Cengage does not use Nuxeo for storing its documents because that capability was already provided by its existing content vault. “We have 170 million assets stored in our repositories,” says Seiler, “We use a mix of proprietary databases and commercial products. Our focus for developing the Nuxeo application was on the publication process, and not so much on the storage issue.”

Most of Gale’s portal products going forward will use the Nuxeo content management platform. “Retrofitting other data into the system is a lower priority,” Seiler says. “If the content is archived, it’s not going to change so we don’t need the workflow. We will re-evaluate our approach as each new edition is published.”

Change management

Leading ECM products such as Open Text Enterprise Content Management Suite, IBM FileNet and OnBase from Hyland Software have developed vertical applications that are geared toward the needs of specific industries. Typical solutions include legal, healthcare, government and education. Those products are customized for the types of content and processes most often needed in the industries. In addition, some ECM products were developed from the start around a specific industry and work with a variety of native applications to provide special capabilities.

The New York Power Authority (NYPA) supplies electricity to New York City and surrounding areas. It owns 17 power generating facilities and employs more than 1,600 individuals. The physical infrastructure that sustains this system requires an extensive set of engineering drawings to support maintenance and the development of new projects. The projects are complex, with frequent modifications as they progress. Information is stored at five sites and often needs to be shared by workers in different locations.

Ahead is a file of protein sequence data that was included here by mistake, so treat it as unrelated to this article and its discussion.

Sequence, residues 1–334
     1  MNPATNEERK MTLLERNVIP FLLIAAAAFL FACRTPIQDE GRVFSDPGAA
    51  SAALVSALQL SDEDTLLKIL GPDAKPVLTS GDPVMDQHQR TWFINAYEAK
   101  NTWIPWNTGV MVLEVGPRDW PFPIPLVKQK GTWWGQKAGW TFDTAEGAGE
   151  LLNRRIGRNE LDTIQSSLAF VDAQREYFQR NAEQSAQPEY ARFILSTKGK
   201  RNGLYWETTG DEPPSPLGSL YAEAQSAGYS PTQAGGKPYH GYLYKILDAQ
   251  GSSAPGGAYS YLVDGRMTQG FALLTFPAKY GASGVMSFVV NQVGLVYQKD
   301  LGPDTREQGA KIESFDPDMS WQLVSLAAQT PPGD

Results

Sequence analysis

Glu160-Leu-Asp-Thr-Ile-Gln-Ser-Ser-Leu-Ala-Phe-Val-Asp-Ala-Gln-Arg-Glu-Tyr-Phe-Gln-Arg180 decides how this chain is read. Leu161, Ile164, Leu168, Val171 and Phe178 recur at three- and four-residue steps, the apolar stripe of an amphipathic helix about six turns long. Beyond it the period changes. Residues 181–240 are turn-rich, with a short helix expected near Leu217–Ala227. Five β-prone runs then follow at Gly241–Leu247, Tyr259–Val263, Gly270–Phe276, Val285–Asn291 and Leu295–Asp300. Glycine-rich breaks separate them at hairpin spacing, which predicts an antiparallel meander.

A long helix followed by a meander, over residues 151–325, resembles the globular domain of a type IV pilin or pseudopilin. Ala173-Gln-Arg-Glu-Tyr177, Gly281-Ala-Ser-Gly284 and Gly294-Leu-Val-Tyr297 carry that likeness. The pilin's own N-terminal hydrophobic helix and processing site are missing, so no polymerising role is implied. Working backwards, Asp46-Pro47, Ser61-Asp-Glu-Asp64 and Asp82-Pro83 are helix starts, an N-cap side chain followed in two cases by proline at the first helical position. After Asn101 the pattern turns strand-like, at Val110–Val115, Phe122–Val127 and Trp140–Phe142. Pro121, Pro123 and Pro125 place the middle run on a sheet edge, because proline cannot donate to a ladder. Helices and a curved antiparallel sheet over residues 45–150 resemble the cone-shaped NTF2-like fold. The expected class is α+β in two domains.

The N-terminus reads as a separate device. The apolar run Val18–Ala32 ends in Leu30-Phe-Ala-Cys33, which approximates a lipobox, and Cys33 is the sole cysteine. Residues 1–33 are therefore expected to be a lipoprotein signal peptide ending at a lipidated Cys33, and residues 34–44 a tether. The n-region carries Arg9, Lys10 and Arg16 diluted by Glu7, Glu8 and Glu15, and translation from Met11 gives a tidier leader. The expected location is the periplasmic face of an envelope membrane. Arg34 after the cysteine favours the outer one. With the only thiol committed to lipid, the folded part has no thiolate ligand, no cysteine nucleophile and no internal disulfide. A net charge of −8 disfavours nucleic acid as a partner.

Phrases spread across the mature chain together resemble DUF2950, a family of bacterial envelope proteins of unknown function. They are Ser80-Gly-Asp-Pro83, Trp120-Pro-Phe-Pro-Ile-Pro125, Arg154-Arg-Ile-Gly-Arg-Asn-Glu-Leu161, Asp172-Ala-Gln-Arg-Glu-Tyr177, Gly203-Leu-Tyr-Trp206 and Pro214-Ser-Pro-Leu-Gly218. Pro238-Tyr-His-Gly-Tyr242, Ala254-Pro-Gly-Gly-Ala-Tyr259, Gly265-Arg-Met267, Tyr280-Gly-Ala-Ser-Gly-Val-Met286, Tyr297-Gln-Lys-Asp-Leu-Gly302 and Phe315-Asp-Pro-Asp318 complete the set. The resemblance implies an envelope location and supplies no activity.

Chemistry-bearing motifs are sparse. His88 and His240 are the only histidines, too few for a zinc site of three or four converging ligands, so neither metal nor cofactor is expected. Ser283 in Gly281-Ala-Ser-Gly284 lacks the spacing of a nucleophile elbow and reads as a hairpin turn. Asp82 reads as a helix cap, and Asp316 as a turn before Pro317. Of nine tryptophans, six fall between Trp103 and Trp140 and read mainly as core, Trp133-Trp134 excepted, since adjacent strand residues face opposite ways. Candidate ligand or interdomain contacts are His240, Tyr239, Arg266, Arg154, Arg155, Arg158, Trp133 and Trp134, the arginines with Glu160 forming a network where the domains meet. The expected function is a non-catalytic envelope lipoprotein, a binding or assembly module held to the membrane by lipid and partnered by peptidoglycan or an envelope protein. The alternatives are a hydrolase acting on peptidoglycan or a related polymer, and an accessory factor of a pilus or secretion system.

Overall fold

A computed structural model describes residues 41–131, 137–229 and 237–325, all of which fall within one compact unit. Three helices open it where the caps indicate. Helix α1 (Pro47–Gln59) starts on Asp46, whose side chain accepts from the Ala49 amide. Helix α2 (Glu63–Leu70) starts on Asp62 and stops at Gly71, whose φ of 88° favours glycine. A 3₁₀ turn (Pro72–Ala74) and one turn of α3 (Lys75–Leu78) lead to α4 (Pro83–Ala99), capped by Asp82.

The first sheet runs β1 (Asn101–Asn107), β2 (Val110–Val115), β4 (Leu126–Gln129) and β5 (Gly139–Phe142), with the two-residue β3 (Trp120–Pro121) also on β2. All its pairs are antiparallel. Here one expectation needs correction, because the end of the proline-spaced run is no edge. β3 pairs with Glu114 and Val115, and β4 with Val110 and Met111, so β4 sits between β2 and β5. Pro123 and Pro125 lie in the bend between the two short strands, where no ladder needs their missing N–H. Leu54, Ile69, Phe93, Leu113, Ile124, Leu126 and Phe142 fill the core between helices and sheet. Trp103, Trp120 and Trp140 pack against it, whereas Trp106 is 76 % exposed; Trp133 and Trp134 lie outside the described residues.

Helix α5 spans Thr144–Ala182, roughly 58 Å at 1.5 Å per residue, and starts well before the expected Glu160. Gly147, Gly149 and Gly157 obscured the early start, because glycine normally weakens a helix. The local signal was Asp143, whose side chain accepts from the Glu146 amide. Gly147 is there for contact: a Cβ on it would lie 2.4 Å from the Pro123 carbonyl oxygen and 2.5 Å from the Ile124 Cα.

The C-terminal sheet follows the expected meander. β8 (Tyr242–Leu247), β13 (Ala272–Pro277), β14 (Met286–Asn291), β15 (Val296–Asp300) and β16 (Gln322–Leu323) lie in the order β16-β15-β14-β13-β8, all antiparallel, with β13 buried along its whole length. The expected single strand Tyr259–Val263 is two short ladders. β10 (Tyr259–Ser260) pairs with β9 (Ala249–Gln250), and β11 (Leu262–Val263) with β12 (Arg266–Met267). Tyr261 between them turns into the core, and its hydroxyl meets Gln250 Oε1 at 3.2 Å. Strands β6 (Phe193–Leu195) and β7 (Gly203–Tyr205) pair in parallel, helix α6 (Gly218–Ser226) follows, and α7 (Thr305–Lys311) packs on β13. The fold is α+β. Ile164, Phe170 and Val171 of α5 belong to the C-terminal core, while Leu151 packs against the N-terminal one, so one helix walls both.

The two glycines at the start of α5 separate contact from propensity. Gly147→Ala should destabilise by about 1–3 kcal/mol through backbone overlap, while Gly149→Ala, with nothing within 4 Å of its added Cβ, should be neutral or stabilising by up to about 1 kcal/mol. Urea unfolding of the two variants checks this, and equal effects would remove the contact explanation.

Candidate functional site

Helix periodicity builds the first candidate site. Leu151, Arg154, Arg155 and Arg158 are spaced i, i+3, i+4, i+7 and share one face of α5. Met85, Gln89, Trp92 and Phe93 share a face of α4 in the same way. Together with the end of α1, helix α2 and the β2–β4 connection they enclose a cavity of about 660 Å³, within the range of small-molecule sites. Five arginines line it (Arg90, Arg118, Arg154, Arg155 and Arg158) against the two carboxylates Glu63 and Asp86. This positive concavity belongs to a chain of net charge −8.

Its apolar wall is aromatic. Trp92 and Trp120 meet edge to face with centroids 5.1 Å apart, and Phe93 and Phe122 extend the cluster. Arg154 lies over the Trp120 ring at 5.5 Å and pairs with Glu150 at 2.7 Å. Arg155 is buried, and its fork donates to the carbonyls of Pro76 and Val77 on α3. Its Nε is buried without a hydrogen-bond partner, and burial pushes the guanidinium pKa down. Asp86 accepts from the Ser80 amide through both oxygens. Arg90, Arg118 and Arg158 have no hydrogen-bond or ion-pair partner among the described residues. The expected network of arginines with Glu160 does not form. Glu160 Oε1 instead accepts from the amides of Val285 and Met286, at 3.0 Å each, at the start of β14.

In the heavily regulated utilities industry, being able to manage and verify changes is essential. To organize its documents and keep track of changes in facilities and in ongoing projects, NYPA deployed BlueCielo Meridian Enterprise, a content management system from BlueCielo ECM Solutions. Meridian Enterprise specializes in managing engineering data. A viewer in the product allows users to see the drawings even if they do not have the native application. It enables users to “redline” engineering documents and keep both the original and revised versions.

Using Meridian Enterprise, NYPA can document changes to its project drawings and share information among workers at different sites. Now, the engineers can be assured that they have access to all relevant documents and are seeing the latest version of the design. Workflow has also been standardized and streamlined. In addition, key attributes of files can be imported into each site’s database even if the structure of the databases differs.

Meridian Enterprise is designed to work with major ECM products as a specialized vertical. “Our product interoperates with the ECM systems,” says Tom Pappas, global marketing director for BlueCielo. “It provides the extended capability to work with technical documents, which standard ECM systems cannot do.” One trend that Pappas has noted is the increasing use of SharePoint to store engineering documents. “SharePoint is a good collaboration platform, but it is not designed for managing technical drawings,” says Pappas. “We work in conjunction with SharePoint to solve that problem.”